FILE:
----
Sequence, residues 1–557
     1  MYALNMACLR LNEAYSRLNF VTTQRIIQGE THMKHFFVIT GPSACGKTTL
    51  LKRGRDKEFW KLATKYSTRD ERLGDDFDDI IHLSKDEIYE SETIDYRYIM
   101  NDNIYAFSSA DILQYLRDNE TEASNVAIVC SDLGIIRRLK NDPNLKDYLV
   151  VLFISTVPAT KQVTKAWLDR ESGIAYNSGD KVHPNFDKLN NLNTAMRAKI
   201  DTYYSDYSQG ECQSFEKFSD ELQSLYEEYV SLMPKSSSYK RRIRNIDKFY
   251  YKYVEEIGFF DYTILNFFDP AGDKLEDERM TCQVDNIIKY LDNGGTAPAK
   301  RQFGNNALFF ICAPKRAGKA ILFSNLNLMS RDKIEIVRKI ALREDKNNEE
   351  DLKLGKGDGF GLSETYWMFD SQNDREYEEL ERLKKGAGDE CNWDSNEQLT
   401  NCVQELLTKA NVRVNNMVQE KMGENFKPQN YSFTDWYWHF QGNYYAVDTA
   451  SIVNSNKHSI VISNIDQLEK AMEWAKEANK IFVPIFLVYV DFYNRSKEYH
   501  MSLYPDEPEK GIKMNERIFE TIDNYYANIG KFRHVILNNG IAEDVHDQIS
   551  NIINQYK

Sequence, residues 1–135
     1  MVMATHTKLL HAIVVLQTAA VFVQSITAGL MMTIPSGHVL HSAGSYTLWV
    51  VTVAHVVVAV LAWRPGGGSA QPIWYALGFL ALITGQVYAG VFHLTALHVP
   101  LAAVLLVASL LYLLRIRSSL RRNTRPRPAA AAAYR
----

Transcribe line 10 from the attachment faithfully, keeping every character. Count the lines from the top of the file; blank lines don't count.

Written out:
   401  NCVQELLTKA NVRVNNMVQE KMGENFKPQN YSFTDWYWHF QGNYYAVDTA